Defense chief says US troops leaving Syria will go to western Iraq

Defense chief says US troops leaving Syria will go to western Iraq
© Greg Nash

U.S. troops leaving Syria will be relocated to western Iraq, where they will continue to conduct operations to prevent a resurgence of the Islamic State, Defense Secretary Mark EsperMark EsperPentagon chief: US giving Vietnam surplus ship for coast guard Talks stall on defense costs with South Korea Overnight Defense — Presented by Boeing — Stopgap spending bill includes military pay raise | Schumer presses Pentagon to protect impeachment witnesses | US ends civil-nuclear waiver in Iran MORE said Sunday. 

Esper told reporters traveling with him to the Middle East that details regarding the U.S. military's efforts in western Iraq would be worked out in the upcoming weeks, The Associated Press reported

The comments came after weeks of bipartisan scrutiny of President TrumpDonald John TrumpFive takeaways from the Democratic debate As Buttigieg rises, Biden is still the target Leading Democrats largely pull punches at debate MORE's abrupt decision to pull roughly 1,000 troops from northern Syria ahead of a planned Turkish offensive in the area. Trump has repeatedly argued that it is time to get out of "endless wars" and promised to bring U.S. troops home.

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But Esper said Sunday that many of the U.S. troops leaving Syria will be relocated to Iraq. 

"One is to help defend Iraq and two is to perform a counter-ISIS mission as we sort through the next steps," he said, adding that the troop withdrawal would take "weeks not days."

"Things could change between now and whenever we complete the withdrawal, but that’s the game plan right now," Esper said.

The Defense chief did not rule out the possibility of U.S. forces conducting counterterrorism missions from Iraq into Syria. He also reportedly said that he'd spoken with his Iraqi counterparts about the move, which will place more than 700 U.S. troops in western Iraq. More than 5,000 American troops are currently stationed in Iraq as part of an agreement between the two nations, the AP reported.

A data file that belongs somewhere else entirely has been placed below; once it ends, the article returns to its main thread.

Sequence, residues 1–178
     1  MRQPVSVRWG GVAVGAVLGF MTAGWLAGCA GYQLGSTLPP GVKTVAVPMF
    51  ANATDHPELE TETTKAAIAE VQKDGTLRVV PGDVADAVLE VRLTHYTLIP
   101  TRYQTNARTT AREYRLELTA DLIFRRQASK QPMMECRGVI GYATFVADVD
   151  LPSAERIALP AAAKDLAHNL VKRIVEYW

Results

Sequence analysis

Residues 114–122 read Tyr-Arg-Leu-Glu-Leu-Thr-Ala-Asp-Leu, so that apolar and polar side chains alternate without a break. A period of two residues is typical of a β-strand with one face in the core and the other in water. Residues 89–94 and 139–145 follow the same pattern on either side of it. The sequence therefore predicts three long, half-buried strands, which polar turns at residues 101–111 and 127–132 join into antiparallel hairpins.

The forces deployed in northern Syria had been assisting the Kurdish YPG, which leads the Syrian Democratic Forces.

Turkey considers the Kurdish-led forces, which have proved to be the U.S.'s most effective allies in its fight against ISIS, to be a terrorist insurgency. 

Many lawmakers and former Pentagon officials, including Trump's former Defense Secretary James MattisJames Norman MattisOvernight Defense: Erdoğan gets earful from GOP senators | Amazon to challenge Pentagon cloud contract decision in court | Lawmakers under pressure to pass benefits fix for military families Amazon to challenge Pentagon's 'war cloud' decision in federal court Former Mattis staffer: Trump 'shooting himself in the foot' on foreign policy MORE, have voiced fears that a withdrawal from the region could to lead to a resurgence of ISIS. Reports surfaced last week that hundreds of ISIS supporters escaped from a Kurdish-established detention facility following a Turkish airstrike. 

Vice President Pence announced last Thursday that the United States and Turkey reached a deal to temporarily suspend Ankara's incursion. However, the AP noted that sporadic clashes have continued despite the five-day cease-fire. 

Esper acknowledged those reports but said that the cease-fire "generally seems to be holding."